US homes lost to foreclosure up 25 pct on year
The increase in home repossessions came even as the number of properties entering the foreclosure process slowed for the seventh month in a row, foreclosure listing firm RealtyTrac Inc. said Thursday.
In all, banks repossessed 95,364 properties last month, up 3 percent from July and an increase of 25 percent from August 2009, RealtyTrac said.
August makes the ninth month in a row that the pace of homes lost to foreclosure has increased on an annual basis. The previous high was in May.
Banks have been stepping up repossessions to clear out their backlog of bad loans with an eye on eventually placing the foreclosed properties on the market, but they can’t afford to simply dump the properties on the market.
Concerns are growing that the housing market recovery could stumble amid stubbornly high unemployment, a sluggish economy and faltering consumer confidence. U.S. home sales have collapsed since federal homebuyer tax credits expired in April.
That’s one reason fewer than one-third of homes repossessed by lenders are on the market, said Rick Sharga, a senior vice president at RealtyTrac.
[The reason only 1/3 of the foreclosed homes are "on the market" is that the banks are tryoing to protect the value of their inventory of foreclosed homes, by limiting the number on the market thay are artificialy propping up the value of the "foreclosed home market". The Government tax credit did not create "new housing demand" it simply shifted sales forward ... Google: Federal Home Trac Credit Fraud - to read about the mismanagement of that program by the Federal Government - or Google: Mortgage Fraud Continues]
“These (properties) are going to come to market, but very slowly because nobody wants to overwhelm a soft buyer’s market with too much distressed inventory for fear of what it would do for house prices,” he said.
As a result, lenders are putting off initiating the foreclosure process on homeowners who have missed payments, letting borrowers stay in their homes longer.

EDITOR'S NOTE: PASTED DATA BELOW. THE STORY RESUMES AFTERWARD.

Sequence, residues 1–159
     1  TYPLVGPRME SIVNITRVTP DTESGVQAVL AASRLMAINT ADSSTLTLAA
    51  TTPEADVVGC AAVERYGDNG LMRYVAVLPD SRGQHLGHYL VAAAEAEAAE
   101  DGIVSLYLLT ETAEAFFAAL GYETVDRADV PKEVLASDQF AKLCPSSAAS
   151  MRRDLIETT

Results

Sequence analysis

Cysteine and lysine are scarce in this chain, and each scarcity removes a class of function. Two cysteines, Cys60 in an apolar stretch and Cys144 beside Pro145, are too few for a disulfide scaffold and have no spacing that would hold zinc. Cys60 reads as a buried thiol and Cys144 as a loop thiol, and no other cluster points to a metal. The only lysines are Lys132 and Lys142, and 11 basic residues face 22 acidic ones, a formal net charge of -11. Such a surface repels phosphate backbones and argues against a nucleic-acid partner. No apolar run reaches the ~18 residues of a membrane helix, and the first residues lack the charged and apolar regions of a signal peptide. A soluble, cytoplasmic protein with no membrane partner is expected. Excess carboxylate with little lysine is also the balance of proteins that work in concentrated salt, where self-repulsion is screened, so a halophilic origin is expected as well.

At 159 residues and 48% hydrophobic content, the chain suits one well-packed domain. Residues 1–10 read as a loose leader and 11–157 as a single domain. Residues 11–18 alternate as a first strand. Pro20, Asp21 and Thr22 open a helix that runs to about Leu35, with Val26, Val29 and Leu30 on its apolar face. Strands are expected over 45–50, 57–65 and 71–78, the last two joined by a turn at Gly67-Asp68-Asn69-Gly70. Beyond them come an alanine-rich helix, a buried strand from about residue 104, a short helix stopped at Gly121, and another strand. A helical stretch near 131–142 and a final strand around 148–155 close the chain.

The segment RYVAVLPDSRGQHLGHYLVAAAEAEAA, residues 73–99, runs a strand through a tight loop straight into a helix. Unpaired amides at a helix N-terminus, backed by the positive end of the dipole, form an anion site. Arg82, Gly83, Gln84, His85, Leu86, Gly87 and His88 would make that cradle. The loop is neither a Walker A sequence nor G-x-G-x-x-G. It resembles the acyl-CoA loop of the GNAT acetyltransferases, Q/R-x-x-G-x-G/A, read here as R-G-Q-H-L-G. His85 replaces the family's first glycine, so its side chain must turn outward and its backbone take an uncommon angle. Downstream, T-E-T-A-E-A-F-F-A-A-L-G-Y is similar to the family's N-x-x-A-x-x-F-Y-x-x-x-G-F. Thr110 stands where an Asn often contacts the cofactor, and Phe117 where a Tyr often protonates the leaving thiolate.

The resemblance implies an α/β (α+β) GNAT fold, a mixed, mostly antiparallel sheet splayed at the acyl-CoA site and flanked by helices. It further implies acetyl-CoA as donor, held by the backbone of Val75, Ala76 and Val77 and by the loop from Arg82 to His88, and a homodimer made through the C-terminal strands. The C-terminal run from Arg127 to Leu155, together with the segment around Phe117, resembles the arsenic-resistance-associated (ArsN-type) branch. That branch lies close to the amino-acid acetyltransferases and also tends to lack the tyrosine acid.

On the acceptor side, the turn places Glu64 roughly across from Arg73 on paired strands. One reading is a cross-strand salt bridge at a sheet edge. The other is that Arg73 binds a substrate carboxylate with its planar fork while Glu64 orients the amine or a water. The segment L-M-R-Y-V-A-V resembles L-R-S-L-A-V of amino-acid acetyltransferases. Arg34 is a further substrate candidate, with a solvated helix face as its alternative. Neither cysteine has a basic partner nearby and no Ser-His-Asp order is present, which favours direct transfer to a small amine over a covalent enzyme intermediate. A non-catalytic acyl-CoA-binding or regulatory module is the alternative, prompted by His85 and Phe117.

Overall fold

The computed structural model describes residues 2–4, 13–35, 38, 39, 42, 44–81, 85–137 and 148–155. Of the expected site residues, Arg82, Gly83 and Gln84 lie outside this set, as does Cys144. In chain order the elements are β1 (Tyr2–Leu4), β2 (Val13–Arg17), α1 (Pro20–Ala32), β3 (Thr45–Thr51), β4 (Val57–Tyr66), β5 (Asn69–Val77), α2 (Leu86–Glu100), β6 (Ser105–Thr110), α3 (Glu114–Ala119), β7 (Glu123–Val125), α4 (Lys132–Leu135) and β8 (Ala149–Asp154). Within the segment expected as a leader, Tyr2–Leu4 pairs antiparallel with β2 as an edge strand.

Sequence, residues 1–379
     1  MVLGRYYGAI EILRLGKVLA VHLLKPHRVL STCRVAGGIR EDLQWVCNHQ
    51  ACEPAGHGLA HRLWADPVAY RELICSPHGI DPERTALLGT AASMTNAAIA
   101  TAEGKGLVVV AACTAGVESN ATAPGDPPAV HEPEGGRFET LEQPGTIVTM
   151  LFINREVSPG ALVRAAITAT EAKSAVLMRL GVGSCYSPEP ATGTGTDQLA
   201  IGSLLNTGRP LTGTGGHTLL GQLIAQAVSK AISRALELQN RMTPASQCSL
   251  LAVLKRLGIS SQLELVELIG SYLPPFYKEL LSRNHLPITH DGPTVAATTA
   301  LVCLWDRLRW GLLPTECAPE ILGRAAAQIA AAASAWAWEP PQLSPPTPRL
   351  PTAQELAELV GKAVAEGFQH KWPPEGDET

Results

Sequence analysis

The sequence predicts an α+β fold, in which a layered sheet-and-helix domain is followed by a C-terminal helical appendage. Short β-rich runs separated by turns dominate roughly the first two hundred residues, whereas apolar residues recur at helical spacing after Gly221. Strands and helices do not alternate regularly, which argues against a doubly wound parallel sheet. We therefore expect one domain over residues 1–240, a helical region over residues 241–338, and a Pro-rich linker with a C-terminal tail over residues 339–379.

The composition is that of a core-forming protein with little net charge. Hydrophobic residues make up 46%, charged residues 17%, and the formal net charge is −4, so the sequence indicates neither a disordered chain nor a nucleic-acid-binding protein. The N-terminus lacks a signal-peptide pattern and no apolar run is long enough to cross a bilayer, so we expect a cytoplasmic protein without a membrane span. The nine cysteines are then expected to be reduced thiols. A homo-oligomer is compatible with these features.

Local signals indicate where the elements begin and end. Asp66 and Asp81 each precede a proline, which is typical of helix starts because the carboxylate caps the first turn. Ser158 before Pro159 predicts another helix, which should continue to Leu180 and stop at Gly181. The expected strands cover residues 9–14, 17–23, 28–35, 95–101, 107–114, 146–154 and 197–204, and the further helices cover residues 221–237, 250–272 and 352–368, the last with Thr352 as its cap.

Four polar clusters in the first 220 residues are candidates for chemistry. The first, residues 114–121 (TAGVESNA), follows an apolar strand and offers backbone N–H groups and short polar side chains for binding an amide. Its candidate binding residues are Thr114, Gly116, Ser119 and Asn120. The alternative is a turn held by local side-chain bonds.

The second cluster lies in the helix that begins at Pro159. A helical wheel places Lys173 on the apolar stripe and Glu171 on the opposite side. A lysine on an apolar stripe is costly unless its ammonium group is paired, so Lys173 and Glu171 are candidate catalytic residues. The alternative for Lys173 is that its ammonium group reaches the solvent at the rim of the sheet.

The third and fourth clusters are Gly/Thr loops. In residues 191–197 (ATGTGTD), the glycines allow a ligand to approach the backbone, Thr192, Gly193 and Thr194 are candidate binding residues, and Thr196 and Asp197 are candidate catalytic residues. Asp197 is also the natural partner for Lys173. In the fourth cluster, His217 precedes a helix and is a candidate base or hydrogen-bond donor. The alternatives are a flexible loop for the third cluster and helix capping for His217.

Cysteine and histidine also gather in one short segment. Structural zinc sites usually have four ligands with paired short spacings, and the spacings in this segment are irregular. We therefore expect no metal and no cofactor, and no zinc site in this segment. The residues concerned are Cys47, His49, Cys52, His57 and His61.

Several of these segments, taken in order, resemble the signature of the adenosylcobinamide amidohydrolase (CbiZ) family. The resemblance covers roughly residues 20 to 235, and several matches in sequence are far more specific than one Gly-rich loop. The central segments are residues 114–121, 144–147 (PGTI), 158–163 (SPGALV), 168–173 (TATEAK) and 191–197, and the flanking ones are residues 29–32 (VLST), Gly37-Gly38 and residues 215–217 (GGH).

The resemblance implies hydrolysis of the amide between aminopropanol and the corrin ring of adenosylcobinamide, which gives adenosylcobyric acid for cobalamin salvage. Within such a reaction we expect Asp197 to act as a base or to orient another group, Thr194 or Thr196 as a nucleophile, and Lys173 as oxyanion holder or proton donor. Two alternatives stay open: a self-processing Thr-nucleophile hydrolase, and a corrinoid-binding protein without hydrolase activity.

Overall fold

The number of properties receiving an initial default notice – the first step in the foreclosure process – slipped 1 percent last month from July, but was down 30 percent versus August last year, RealtyTrac said.
Initial defaults have fallen on an annual basis the past seven months. They peaked in April 2009.
Still, the number of homes scheduled to be sold at auction for the first time increased 9 percent from July and rose 2 percent from August last year. If they don’t sell at auction, these homes typically end up going back to the lender.
More than 2.3 million homes have been repossessed by lenders since the recession began in December 2007, according to RealtyTrac. The firm estimates more than 1 million American households are likely to lose their homes to foreclosure this year.
[Realty Tracs number are way off, that or the AP is not reporting them correctly - At least 8 million homes have been foreclosed - 2.3 million homes have been foreclosed and placed on the market for sale. More than 2.3 million homes have been foreclosed in the States of Michigan and Nevada alone]
In all, 338,836 properties received a foreclosure-related warning in August, up 4 percent from July, but down 5 percent from the same month last year, RealtyTrac said. That translates to one in 381 U.S. homes.
Among states, Nevada posted the highest foreclosure rate last month, with one in every 84 households receiving a foreclosure notice. That’s 4.5 times the national average.
Rounding out the top 10 states with the highest foreclosure rate in August were: Florida, Arizona, California, Idaho, Utah, Georgia, Michigan, Illinois and Hawaii.
Economic woes, such as unemployment or reduced income, are now the main catalysts for foreclosures.
Lenders are offering a variety of programs to help homeowners modify their loans, but their success rates vary. Hundreds of thousands of homeowners can’t qualify or fall back into default.
The Obama administration has rolled out numerous attempts to tackle the foreclosure crisis but has made only a small dent in the problem. Nearly half of the 1.3 million homeowners who enrolled in the Obama administration’s flagship mortgage-relief program have fallen out.
[A program that was touted by Obama as something that would help 9,000,000 home owners at a cost of nearly $700 billion dollars has in fact helped only 300,000 and tens of thousands leave the program every month as their homes sink futher "under water"]
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